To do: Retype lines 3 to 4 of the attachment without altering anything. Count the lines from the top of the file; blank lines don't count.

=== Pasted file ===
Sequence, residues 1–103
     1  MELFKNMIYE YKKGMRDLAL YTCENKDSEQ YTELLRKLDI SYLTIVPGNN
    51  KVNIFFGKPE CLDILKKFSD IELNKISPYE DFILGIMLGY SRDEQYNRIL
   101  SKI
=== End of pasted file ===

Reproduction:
    51  KVNIFFGKPE CLDILKKFSD IELNKISPYE DFILGIMLGY SRDEQYNRIL
   101  SKI